Hafiz Saeed Issues A Video Threatening India Immediately After His Release

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Updated on 23 Nov, 2017 at 5:40 pm


Hafiz Saeed, the 26/11 Mumbai attacks mastermind and Jamaat-ud-Dawah chief, is a free man now. A Pakistani court has ordered his release. Saeed was put under house arrest in January after years of living freely in Pakistan. However, India has expressed its “outrage” at his release. The Ministry of External Affairs called this move as a confirmation of Pakistan’s lack of seriousness and termed it as an “attempt by Pakistani system to mainstream proscribed terrorists”. The US too is unhappy over the development.

Hafiz Saeed, the 26/11 Mumbai attacks mastermind and Jamaat-ud-Dawah chief Kashmir Narrator

Through a video message, the chief of Pakistan’s banned terrorist outfit Jamaat-ud-Dawa (JuD), believed to be a front for Lashkar-e-Taiba (LeT), thanked the judges for his freedom. Saeed is the mastermind of the 2008 Mumbai attacks that killed 166 people. The US has designated him a terrorist, offering a $10-million bounty.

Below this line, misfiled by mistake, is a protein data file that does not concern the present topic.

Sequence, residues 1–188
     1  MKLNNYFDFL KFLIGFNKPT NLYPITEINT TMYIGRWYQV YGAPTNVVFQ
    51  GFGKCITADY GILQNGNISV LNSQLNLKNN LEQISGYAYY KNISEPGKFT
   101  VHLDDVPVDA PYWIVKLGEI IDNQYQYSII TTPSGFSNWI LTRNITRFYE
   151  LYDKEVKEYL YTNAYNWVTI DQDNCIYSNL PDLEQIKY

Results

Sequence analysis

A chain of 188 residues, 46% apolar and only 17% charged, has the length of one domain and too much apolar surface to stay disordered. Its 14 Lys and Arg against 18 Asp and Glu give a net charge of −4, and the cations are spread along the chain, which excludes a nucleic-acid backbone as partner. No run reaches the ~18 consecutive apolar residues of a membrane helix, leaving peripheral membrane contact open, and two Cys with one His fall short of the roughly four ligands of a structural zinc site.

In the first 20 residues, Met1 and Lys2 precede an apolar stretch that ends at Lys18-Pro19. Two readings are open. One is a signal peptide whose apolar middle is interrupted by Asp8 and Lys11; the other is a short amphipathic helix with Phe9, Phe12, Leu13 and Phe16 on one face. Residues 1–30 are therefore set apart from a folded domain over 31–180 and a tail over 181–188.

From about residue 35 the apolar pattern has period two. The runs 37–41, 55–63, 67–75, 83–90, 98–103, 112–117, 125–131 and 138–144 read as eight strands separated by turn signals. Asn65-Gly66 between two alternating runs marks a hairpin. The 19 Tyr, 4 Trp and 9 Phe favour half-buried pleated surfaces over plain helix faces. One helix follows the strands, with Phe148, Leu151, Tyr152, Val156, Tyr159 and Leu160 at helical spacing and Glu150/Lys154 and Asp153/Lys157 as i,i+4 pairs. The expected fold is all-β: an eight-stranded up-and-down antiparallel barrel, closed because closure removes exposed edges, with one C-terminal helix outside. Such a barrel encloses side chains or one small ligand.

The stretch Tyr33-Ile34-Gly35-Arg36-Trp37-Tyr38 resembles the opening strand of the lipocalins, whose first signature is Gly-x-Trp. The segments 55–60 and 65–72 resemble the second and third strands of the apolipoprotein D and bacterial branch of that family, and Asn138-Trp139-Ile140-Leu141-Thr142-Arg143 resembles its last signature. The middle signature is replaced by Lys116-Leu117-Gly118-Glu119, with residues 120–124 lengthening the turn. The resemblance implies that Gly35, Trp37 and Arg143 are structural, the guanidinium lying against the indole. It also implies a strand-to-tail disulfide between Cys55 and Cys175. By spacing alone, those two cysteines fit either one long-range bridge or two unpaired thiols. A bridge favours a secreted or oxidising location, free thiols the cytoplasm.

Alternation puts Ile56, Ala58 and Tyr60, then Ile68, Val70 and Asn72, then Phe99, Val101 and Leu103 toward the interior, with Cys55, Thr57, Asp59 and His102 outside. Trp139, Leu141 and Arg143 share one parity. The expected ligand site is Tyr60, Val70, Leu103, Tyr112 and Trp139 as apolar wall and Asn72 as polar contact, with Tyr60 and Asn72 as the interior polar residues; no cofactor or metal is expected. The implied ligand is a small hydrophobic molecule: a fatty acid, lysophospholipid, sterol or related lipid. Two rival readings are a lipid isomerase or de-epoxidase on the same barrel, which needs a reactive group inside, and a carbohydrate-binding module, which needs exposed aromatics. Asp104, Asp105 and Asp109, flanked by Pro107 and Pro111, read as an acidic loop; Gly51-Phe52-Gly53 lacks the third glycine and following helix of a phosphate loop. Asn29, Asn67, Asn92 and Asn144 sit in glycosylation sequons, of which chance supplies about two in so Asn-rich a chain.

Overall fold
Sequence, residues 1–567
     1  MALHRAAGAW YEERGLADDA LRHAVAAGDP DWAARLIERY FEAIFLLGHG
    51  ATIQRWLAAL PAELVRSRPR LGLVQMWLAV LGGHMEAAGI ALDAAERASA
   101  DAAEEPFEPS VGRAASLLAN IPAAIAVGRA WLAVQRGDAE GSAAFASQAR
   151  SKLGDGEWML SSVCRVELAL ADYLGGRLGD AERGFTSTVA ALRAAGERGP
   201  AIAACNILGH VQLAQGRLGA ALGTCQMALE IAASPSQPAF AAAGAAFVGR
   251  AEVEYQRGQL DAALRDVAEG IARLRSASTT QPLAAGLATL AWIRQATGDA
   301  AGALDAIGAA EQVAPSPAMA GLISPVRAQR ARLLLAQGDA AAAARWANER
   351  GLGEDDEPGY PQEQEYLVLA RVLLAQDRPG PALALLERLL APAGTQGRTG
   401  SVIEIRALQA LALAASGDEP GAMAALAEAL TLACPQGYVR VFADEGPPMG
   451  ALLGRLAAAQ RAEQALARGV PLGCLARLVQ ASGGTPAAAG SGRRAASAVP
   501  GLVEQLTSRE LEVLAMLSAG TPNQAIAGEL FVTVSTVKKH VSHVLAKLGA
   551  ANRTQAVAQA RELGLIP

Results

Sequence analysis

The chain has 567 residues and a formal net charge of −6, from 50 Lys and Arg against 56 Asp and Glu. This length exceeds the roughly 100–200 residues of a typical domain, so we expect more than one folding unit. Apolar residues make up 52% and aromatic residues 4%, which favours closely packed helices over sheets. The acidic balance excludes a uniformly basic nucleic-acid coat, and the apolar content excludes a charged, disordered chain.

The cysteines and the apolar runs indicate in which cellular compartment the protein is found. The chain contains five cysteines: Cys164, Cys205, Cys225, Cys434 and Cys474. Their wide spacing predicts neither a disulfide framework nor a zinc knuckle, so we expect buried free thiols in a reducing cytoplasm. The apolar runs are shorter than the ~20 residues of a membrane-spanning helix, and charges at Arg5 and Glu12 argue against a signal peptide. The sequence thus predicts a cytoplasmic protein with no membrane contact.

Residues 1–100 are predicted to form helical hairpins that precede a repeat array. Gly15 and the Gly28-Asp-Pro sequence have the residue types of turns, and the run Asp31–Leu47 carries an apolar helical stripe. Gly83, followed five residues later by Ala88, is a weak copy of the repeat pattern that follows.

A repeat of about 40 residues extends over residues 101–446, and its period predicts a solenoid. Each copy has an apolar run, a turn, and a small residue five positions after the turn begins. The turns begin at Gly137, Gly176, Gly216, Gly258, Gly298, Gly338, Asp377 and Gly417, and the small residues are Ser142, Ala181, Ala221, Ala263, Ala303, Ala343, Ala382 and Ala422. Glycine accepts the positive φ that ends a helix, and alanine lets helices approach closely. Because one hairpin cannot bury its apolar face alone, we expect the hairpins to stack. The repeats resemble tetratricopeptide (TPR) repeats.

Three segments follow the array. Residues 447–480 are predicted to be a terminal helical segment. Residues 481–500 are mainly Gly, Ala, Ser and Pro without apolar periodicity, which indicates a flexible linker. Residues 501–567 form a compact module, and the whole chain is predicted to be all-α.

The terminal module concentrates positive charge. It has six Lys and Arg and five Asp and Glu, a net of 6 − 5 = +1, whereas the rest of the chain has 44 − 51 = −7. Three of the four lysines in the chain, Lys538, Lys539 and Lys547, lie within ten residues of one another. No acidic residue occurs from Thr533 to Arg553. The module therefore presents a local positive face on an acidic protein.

Soon after his release, he promised that he and his followers will work towards “Kashmir’s independence”. He also blamed India for his arrest.


In the video, he says that “despite the representatives of governments and ministries all going against his release the judges decided against them. This is a victory for the independence prevailing in Pakistan and I am fighting for the case of independence of Kashmir.”

NBC News

While ordering his release, a review board of the judges of the Lahore High Court, said that the release is subject to the condition that he is not wanted in any other case. The government of Pakistan’s Punjab province had asked for a 60-day extension to Saeed’s detention but the request was turned down by the court.

Pakistan is worried that Saeed’s release could lead to imposition of sanctions from the international community on the country.

Pakistan’s Punjab government had detained Saeed and his four aides – Abdullah Ubaid, Malik Zafar Iqbal, Abdul Rehman Abid and Qazi Kashif Hussain – on January 31 for 90 days under the Anti-Terrorism Act 1997 and the Fourth Schedule of Anti-Terrorism Act 1997.


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